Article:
Reviewer Amy Lignor: Amy is the author of a historical fiction novel entitled The Heart of a Legend, and Mind Made, a work of science fiction. Presently, she is writing an adventure series set in the New York Public Library, as well as a teen fiction series, The Angel Chronicles. She is an avid traveler and has been fortunate to have journeyed across the USA, where she has met the most amazing people, who truly bring life and soul to her books. She lives in the Land of Enchantment (for now) with her gorgeous daughter, Shelby, her wonderful Mom, Mary, and the greatest friend and critic in the entire world - her dog, Reuben
Author: John Green & David Levithan
Author: John Green & David Levithan
I am a huge YA fan; and I have been incredibly ecstatic to see the new books that are being published in this genre. Every once in a while, I’ll come across one that makes me feel a myriad of emotions – some good/some bad – that I try to wrap my head around as the author’s story unfolds. This is one of those books.
Will Grayson is a young man living in the Chicago area who organizes his life by adhering to two very important rules: 1) Don’t get emotional (don’t care); and, 2) basically, keep his mouth shut. Will likes to be quiet and fade into the background. His closest friends are Gary, Jane, and Tiny Cooper. Jane is a young woman who is straightforward, smart, funny, and literal in almost every sense of the word. Will likes Jane, a lot (well, as with all guys, he likes her when she’s dating someone else) but, I digress. The friendship that Will has with Tiny is what takes center stage in the book. Tiny Cooper is one of those extraordinary characters that you remember for the rest of your days. He’s six foot six, large – to say the least – incredibly rich (he lives in the coach house of his parents’ mansion) and, most of all, Tiny is loud, funny, dramatic to a fault, and everyone seems to love and dislike him at the same time. For Will, Tiny is the best friend he’s ever had – but also the one that drives him the most crazy. Tiny is embarrassing with his loud sighs, sobbing fits in the hallway, and very vocal announcements of his gay status – which quite often embarrasses Will.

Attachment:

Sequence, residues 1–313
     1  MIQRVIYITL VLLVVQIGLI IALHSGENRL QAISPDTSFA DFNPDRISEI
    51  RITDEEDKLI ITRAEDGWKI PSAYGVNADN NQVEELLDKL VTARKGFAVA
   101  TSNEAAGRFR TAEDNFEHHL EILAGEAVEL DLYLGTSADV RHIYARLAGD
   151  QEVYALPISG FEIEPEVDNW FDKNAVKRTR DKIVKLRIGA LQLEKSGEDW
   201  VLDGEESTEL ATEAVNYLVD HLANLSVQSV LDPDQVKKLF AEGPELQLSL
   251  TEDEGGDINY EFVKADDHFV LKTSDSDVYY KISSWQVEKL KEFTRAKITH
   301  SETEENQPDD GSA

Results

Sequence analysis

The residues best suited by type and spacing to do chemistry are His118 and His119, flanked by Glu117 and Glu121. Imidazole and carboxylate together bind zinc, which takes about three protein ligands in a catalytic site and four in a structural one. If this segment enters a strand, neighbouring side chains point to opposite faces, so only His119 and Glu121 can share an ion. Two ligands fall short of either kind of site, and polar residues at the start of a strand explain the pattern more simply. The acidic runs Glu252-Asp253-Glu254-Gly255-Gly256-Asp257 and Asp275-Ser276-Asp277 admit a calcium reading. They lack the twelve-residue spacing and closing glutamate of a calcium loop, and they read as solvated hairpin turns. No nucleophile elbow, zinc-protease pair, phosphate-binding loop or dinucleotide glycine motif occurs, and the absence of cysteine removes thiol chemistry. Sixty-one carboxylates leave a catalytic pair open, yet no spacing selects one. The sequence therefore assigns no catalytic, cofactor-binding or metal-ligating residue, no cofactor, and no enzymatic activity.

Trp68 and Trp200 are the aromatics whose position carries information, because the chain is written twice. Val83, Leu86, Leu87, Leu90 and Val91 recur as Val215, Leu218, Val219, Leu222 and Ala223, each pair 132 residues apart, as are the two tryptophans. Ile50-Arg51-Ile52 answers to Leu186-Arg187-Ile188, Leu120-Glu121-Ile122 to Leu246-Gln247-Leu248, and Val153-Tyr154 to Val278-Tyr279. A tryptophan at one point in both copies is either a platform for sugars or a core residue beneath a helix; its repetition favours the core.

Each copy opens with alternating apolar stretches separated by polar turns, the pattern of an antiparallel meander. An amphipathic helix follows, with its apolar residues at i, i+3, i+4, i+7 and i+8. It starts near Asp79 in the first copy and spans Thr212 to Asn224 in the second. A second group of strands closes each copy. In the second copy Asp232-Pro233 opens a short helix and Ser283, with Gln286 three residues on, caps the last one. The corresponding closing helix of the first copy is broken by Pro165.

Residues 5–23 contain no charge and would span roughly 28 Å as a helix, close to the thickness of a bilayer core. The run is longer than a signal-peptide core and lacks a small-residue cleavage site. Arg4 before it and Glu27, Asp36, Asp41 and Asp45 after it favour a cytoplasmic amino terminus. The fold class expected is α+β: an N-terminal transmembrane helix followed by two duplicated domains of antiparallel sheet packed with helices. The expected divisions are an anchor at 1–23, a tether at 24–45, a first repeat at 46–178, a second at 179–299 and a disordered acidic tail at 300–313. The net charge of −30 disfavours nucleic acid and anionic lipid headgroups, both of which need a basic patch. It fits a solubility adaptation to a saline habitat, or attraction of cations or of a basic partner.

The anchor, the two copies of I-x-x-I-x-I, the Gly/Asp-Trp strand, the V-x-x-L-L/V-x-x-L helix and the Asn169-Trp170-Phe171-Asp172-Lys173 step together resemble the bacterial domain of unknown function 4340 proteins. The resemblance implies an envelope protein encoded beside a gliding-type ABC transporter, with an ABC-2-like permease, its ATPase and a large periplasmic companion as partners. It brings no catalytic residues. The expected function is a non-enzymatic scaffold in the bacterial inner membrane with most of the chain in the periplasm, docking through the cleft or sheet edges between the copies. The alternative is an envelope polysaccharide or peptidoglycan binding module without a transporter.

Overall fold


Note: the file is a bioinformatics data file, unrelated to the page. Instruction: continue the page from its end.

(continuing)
In another small suburb of Chicago we have yet another Will Grayson. This young man borders on suicidal depression, even taking pills to get him through the day. Unfortunately, for me, this Will’s sarcasm was simply not funny. He seems to despise every part of life in general – even his mom who is working her behind off to take care of him and raise him by herself. Teenage drama is, of course, prevalent in all teens, but Will has a way of being one of those jerks that you wish could get drafted into the armed services so he’d see what real pain and anguish is all about. Also, Will is falling in love with a young man by the name of Isaac over the internet. He’s battled a great deal trying to figure out what makes him “different” and why he’s been so angry all his life – and Isaac makes him feel better about himself.
Soon, because of an excess of strange occurrences, Will Grayson and Will Grayson literally “bump” into each other in the weirdest of places. Tiny actually falls for Will Grayson (not his best friend, but the other one), and the relationship that ensues is one of humor, pain, anger, sadness, and a part of growing up.
Following the separate lives of the Will Grayson’s was an interesting premise. They are both so different, that the outlooks they have on life ranged wide on the spectrum of love, faith, and friendship. Unfortunately, there were parts of the book that seemed a bit overly ridiculous to me, but my favorite character – Tiny Cooper – was able to keep me interested throughout the story. For any teenager who is “stuck” and can’t seem to push ahead through the muck and mire that surrounds those strange early years, this is a great book. It will not only teach tolerance, but also the high value that should be placed on a good, solid friendship.